|“|| Harrier ready for sortie.|
|“|| There is nothing to fear.|
Based in the true classic of British aviation, the British Aerospace Sea Harrier III jumpjet was developed specifically for close air support that was capable of operations from the deck of the Queen Elizabeth class aircraft carriers. Upon hearing of the project, interest from the Spanish and Italian navies grew, eventually leading to orders from said organizations. The decision was made by the British Ministry of Defence, when its intended replacement, the American F-35 Lightning, would not enter service for many years to come due to a number of safety issues and overflowing costs. Whilst the United States went on and shifted their focus to a more economical multirole version of the F-22 Raptor, many international partners of the Joint Strike Fighter program, including the Netherlands, Italy and the United Kingdom opted out and were left with no adequate aircraft to fill the niche. So the development of a new CAS VTOL aircraft was needed.
BAE wasted no time on producing a new aircraft design that looked similar to a modernization of the 20th century Harrier. The Harrier III variant features omnidirectional LIDAR sensors and a CAPTOR-X AESA radar. It's powered by a Pegasus engine rebuilt with the latest materials, and has a maximum speed of Mach 0.8. Additionally, the hull has a radar signature reducing shape, although not to the extent of the F-22 or F-35. Since VTOL aircraft need to keep their weight down, the Harrier III is not nearly as well armored as an A-10, but has lightweight ceramic plating around the engine and other critical areas of the airframe, in addition to a heavy array of chaff/flares/decoys and standard IR and radio-band jammers. The Harrier III entered service just in time for Operation Nemesis where it proved to an efficient strike bomber when deployed from carriers in the Mediterranean. Standard loadout consists of Brimstone air-to-ground missiles and two Mauser 27mm autocannons.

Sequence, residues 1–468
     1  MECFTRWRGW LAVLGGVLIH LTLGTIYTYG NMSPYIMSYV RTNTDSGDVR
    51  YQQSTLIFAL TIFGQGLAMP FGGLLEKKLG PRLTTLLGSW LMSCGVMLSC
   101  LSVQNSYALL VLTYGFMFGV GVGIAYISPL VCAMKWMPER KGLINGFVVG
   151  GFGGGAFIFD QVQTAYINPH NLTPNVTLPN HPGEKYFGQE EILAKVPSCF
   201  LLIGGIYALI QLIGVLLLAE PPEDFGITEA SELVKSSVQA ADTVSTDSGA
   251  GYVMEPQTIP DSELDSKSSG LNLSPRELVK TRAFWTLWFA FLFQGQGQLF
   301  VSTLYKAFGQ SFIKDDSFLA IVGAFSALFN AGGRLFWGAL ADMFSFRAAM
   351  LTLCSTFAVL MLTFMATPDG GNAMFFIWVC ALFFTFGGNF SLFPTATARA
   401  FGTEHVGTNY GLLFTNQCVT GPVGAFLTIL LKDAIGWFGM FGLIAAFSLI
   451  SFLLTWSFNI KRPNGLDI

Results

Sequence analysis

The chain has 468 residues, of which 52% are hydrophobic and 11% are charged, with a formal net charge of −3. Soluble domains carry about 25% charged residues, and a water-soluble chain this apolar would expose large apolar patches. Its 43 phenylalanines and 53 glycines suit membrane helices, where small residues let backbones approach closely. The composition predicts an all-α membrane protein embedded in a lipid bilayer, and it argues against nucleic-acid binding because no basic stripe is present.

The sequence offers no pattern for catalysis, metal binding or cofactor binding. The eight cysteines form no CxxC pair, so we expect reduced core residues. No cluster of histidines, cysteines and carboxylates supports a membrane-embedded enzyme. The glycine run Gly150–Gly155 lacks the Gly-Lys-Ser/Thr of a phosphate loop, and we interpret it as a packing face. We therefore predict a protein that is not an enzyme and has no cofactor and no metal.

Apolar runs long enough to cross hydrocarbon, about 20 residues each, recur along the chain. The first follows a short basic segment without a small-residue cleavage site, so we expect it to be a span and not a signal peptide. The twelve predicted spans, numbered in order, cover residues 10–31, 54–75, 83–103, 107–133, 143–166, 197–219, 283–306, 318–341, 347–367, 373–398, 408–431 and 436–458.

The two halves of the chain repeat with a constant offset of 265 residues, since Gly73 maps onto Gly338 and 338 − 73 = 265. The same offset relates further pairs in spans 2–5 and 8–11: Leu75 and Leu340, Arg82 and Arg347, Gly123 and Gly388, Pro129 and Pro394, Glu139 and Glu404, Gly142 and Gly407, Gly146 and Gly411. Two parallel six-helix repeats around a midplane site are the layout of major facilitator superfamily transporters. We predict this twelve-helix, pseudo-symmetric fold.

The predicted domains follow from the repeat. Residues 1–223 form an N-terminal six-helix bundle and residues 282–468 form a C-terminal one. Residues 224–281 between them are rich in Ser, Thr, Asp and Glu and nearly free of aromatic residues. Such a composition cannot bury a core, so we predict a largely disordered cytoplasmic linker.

By the beginings of 2040s, large parts of the british Harrier fleet were sold off to the Armada Española, and so, many of the Sea Harriers used during the Russo-European War were supplied by the Spanish Navy, seeing as their naval air wing was, besides England & some nordic countries, for the most part spared from the Russian air offensive against most European air forces. Both Spanish and Italian Harriers, launched from assault carriers, aided British sea and ground based aircraft in providing air support to the defenders during the unsuccessful Russian invasion of the United Kingdom.
Ever since the creation of the European Continental Army, Spanish carrier ships formed a large portion of the task force's naval branch and provided reliable close air support with their Harriers during ECA combat operations in North Africa. It was at this time when General Cutting of the British expeditionary force worked in close coordination with Admiral Pablo Garcia during the attack on Casablanca. Ten years later, in the most desperate phase of the Russo-European War, Charles once again called upon the help of his Spanish friend, successfully repelling General Aleksandr's ill-conceived invasion of England in one of the war's bloodiest, most decisive battles.
In combat, the Harrier is a deadly tank hunter thanks to its powerful Brimstone missiles that also engages both airborne and ground-based targets with a pair of 27mm cannons. Beyond that, its VTOL capabilities ensure a high level of mobility and allow the plane to fly idle in tight circles, making it less prone to sudden anti-air ambushes.